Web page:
PET imaging of occult tumours by temporal integration of tumour-acidosis signals from pH-sensitive 64Cu-labelled polymers

Gang Huang, Tian Zhao, Chensu Wang, Kien Nham, Yahong Xiong, Xiaofei Gao, Yihui Wang, Guiyang Hao, Wuping Ge, Xiankai Sun, Baran D Sumer, Jinming Gao

Research output: Contribution to journalArticle

Abstract

Owing to the diversity of cancer types and the spatiotemporal heterogeneity of tumour signals, high-resolution imaging of occult malignancy is challenging. 18F-fluorodeoxyglucose positron emission tomography allows for near-universal cancer detection, yet in many clinical scenarios it is hampered by false positives. Here, we report a method for the amplification of imaging contrast in tumours via the temporal integration of the imaging signals triggered by tumour acidosis. This method exploits the catastrophic disassembly, at the acidic pH of the tumour milieu, of pH-sensitive positron-emitting neutral copolymer micelles into polycationic polymers, which are then internalized and retained by the cancer cells. Positron emission tomography imaging of the 64Cu-labelled polymers detected small occult tumours (10–20 mm3) in the brain, head, neck and breast of mice at much higher contrast than 18F-fluorodeoxyglucose, 11C-methionine and pH-insensitive 64Cu-labelled nanoparticles. We also show that the pH-sensitive probes reduce false positive detection rates in a mouse model of non-cancerous lipopolysaccharide-induced inflammation. This macromolecular strategy for integrating tumour acidosis should enable improved cancer detection, surveillance and staging.

Original languageEnglish (US)
JournalNature Biomedical Engineering
DOIs
StatePublished - Jan 1 2019

Fingerprint

Acidosis
Tumors
Polymers
Imaging techniques
Neoplasms
Positron emission tomography
Fluorodeoxyglucose F18
Micelles
Positrons
Positron-Emission Tomography
Methionine
Amplification
Lipopolysaccharides
Brain
Copolymers
Cells
Nanoparticles
Breast
Neck
Head

ASJC Scopus subject areas

  • Biotechnology
  • Bioengineering
  • Medicine (miscellaneous)
  • Biomedical Engineering
  • Computer Science Applications

Cite this

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title = "PET imaging of occult tumours by temporal integration of tumour-acidosis signals from pH-sensitive 64Cu-labelled polymers",
abstract = "Owing to the diversity of cancer types and the spatiotemporal heterogeneity of tumour signals, high-resolution imaging of occult malignancy is challenging. 18F-fluorodeoxyglucose positron emission tomography allows for near-universal cancer detection, yet in many clinical scenarios it is hampered by false positives. Here, we report a method for the amplification of imaging contrast in tumours via the temporal integration of the imaging signals triggered by tumour acidosis. This method exploits the catastrophic disassembly, at the acidic pH of the tumour milieu, of pH-sensitive positron-emitting neutral copolymer micelles into polycationic polymers, which are then internalized and retained by the cancer cells. Positron emission tomography imaging of the 64Cu-labelled polymers detected small occult tumours (10–20 mm3) in the brain, head, neck and breast of mice at much higher contrast than 18F-fluorodeoxyglucose, 11C-methionine and pH-insensitive 64Cu-labelled nanoparticles. We also show that the pH-sensitive probes reduce false positive detection rates in a mouse model of non-cancerous lipopolysaccharide-induced inflammation. This macromolecular strategy for integrating tumour acidosis should enable improved cancer detection, surveillance and staging.",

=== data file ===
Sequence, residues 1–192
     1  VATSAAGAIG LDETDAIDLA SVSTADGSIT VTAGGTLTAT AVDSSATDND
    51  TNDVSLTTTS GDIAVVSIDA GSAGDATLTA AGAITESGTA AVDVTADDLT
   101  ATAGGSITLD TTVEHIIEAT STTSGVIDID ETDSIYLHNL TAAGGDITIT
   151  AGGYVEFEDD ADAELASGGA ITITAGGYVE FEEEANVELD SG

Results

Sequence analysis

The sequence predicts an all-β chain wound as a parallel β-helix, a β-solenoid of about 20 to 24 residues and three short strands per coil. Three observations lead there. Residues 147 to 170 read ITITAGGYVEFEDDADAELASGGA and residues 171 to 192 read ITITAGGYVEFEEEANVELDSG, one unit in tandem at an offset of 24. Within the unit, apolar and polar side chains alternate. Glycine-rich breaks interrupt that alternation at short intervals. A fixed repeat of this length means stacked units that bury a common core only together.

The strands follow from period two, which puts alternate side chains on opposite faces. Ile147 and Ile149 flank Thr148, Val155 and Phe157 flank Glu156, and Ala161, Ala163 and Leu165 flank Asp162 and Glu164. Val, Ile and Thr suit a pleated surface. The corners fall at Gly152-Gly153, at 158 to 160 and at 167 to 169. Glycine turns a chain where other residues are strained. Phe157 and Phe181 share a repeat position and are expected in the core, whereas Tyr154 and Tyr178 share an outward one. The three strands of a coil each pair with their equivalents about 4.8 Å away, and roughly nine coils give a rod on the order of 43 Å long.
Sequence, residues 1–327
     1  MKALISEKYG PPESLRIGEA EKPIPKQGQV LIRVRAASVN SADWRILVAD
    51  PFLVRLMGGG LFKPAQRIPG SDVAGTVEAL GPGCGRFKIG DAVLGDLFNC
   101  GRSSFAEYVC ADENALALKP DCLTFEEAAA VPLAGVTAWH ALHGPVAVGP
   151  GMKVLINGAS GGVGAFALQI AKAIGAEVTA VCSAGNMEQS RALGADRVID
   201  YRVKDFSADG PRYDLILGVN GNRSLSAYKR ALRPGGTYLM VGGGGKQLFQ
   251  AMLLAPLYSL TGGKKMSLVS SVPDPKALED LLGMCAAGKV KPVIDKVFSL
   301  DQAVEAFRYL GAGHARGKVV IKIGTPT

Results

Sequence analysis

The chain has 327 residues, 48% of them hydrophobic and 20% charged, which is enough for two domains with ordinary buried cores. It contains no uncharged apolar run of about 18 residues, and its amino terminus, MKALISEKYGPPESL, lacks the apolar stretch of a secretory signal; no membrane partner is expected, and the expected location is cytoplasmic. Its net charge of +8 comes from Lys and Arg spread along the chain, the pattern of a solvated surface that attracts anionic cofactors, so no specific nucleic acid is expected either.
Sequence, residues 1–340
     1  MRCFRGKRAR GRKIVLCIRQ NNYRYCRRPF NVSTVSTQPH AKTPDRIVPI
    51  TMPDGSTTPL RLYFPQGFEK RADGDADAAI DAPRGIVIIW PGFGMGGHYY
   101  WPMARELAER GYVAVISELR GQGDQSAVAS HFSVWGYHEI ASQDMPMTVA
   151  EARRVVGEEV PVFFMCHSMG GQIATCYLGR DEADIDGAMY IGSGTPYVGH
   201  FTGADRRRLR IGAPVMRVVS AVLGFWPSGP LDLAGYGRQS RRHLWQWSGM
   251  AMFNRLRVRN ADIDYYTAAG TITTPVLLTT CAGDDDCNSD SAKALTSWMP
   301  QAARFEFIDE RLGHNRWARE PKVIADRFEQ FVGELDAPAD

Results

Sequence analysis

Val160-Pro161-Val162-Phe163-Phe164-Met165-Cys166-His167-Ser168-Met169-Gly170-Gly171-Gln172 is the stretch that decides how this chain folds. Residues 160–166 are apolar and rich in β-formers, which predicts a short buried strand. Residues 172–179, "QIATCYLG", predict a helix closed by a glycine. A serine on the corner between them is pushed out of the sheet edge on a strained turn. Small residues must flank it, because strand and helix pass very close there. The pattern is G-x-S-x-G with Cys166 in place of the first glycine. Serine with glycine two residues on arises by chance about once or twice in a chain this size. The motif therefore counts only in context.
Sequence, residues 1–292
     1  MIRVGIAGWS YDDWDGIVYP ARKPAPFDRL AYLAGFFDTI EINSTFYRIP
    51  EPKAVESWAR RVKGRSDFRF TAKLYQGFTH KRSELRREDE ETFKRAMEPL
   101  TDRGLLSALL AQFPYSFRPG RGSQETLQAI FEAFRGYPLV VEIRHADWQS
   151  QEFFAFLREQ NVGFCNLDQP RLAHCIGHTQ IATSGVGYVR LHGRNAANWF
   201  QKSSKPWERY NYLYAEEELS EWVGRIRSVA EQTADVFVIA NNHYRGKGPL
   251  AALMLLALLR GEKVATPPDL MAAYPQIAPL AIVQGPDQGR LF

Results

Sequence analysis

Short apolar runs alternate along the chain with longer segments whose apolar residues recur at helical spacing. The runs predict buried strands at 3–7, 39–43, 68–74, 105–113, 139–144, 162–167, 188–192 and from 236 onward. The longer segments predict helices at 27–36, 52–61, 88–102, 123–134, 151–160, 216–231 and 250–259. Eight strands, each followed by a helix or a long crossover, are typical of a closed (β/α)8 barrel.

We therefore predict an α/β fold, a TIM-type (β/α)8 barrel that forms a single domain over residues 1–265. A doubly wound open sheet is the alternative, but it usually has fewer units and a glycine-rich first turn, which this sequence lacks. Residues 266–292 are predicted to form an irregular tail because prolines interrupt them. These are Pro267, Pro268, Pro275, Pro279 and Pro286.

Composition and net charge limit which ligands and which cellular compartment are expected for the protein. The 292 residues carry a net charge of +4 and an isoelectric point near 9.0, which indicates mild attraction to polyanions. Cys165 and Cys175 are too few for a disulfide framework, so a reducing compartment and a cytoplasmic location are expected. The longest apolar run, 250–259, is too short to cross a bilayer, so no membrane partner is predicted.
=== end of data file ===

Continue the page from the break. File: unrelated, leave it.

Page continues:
author = "Gang Huang and Tian Zhao and Chensu Wang and Kien Nham and Yahong Xiong and Xiaofei Gao and Yihui Wang and Guiyang Hao and Wuping Ge and Xiankai Sun and Sumer, {Baran D} and Jinming Gao",
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AU - Huang, Gang

AU - Zhao, Tian

AU - Wang, Chensu

AU - Nham, Kien

AU - Xiong, Yahong

AU - Gao, Xiaofei

AU - Wang, Yihui

AU - Hao, Guiyang

AU - Ge, Wuping

AU - Sun, Xiankai

AU - Sumer, Baran D

AU - Gao, Jinming

PY - 2019/1/1

Y1 - 2019/1/1

N2 - Owing to the diversity of cancer types and the spatiotemporal heterogeneity of tumour signals, high-resolution imaging of occult malignancy is challenging. 18F-fluorodeoxyglucose positron emission tomography allows for near-universal cancer detection, yet in many clinical scenarios it is hampered by false positives. Here, we report a method for the amplification of imaging contrast in tumours via the temporal integration of the imaging signals triggered by tumour acidosis. This method exploits the catastrophic disassembly, at the acidic pH of the tumour milieu, of pH-sensitive positron-emitting neutral copolymer micelles into polycationic polymers, which are then internalized and retained by the cancer cells. Positron emission tomography imaging of the 64Cu-labelled polymers detected small occult tumours (10–20 mm3) in the brain, head, neck and breast of mice at much higher contrast than 18F-fluorodeoxyglucose, 11C-methionine and pH-insensitive 64Cu-labelled nanoparticles. We also show that the pH-sensitive probes reduce false positive detection rates in a mouse model of non-cancerous lipopolysaccharide-induced inflammation. This macromolecular strategy for integrating tumour acidosis should enable improved cancer detection, surveillance and staging.

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